Tag Archives: Morcheeba

Cowboys – Portishead

In 1994, Portishead went from being cutting edge to something dangerously close to a punch line within six months. The band had formed in Bristol, a collaboration between producer and DJ Geoff Barrow, who had worked as an assistant engineer on (fellow Bristolians) Massive Attack’s seminal Blue Lines, and singer Beth Gibbons, who sang jazz and R&B in a local gigging band, augmented by a sympathetic jazz guitarist of Barrow’s acquaintance – a man called Adrian Utley, who was tired of playing Radio Two sessions and cruise ships and was looking for some music that would stretch him, that was a little meatier.

The three of them crafted an atmospheric sound, influenced as much by film noir as hip-hop (although it was very clearly a post-hip-hop construction), using scratchy and distorted samples, low-bpm beats and jazz-influenced vocals (all sung). The press soon coined a name for this new type of music: trip-hop.

Urgh.

Portishead, whose music was undeniable very stylish and modish and ‘now’, deeply resented having their emotional and heartfelt work reduced to this ghastly buzzword. They had to endure hearing their songs get co-opted by TV music supervisors everywhere. You couldn’t switch on the telly without hearing snatches of Sour Times, Glory Box or Numb used under trailers and station bumpers. Dummy soundtracked North London dinner parties every night of week. Outright imitations (Morcheeba, Sneaker Pimps) started to garner hit single. Programmed or sampled drum tracks influenced by their style started to turn up on mainstream singer-songwriter records. Their music, and moreover their style of music, was dangerously over-exposed. The whole thing made the band, and particularly Geoff Barrow, ill. They lay low for a while, then purposely made a second record too dark and unfriendly to be embraced by the mainstream.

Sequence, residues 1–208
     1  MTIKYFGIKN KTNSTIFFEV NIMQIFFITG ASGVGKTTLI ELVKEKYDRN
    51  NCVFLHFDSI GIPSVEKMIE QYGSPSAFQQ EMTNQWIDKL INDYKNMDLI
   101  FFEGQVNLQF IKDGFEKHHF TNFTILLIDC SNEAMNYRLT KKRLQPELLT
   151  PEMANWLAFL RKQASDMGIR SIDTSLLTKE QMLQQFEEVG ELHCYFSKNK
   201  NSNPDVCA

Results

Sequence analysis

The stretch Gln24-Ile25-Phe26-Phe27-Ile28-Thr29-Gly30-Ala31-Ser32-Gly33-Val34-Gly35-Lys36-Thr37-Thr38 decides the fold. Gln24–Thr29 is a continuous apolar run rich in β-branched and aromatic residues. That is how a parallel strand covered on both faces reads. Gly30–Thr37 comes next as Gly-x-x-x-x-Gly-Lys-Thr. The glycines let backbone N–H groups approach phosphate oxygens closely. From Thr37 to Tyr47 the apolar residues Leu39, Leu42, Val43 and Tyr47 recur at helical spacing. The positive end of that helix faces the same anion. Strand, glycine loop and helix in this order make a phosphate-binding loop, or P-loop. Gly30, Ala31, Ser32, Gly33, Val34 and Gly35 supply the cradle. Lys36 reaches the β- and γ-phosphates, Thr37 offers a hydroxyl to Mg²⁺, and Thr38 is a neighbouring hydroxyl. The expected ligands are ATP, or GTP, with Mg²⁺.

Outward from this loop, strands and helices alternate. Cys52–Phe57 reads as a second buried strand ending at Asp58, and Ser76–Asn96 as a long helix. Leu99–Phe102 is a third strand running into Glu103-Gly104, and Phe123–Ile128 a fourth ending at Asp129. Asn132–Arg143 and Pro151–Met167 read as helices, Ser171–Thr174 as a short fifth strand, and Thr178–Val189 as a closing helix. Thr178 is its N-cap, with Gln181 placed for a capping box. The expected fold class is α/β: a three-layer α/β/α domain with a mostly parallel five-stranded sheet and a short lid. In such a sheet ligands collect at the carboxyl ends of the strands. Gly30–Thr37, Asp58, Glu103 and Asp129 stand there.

Yet for all their good intentions, that album, Portishead, was a disappointment. The black-and-white high contrast of Dummy had been replaced by an unyielding grey. Gibbons’ vocals, now unvaryingly woebegone, sounded forced, the pain and misery alluded to in her lyrics rote. The album, in the end, wasn’t actually different enough to Dummy – it just took the more melancholy elements of their sound and dispensed with the seductive melodies, the empathy and warmth, and flashes of black humour (the slowed-down Johnnie Ray sample from Biscuit, for example) that, laid over heavily compressed beats and scratchy basslines, had been so compelling three years before.

But at a show at the Roseland Ballroom in New York something alchemical happened. Joined by an orchestra of some 40 players, a keyboardist (John Baggot) and a live rhythm section to give the songs a kick up the backside, tracks that had sounded flat on the album came alive on stage. None more so than Cowboys. Utley’s grindy guitar, played down on the album version, was now way up front and in the listener’s face. Gibbons’ distorted vocal sounded more eerily Cruella de Vil-like than ever before and hardly-there drones from the orchestra hovered over the whole thing like gathering stormclouds.

Perhaps Barrow had worked on the songs for the second album too long and the spontaneity had been lost. Maybe they’d sought perfection in uniformity rather than feel. Possibly they went past the mix on some of the album’s tracks. But almost every song from the second album they played at the New York show was improved by performance (conversely, every song from Dummy was diminished – the slowed-down, bell-less reading of Sour Times was a misjudged disaster).

Taken together Portishead and the Roseland NYC live record remain a fascinating pair – neither wholly satisfying, but each enriching the other. There’s much good music on Third but the band’s masterpiece remains Dummy, a record that seems to me to be rather undervalued today, dismissed as a bit fluffy, even. Nonsense. It’s still magnificent, twenty years on.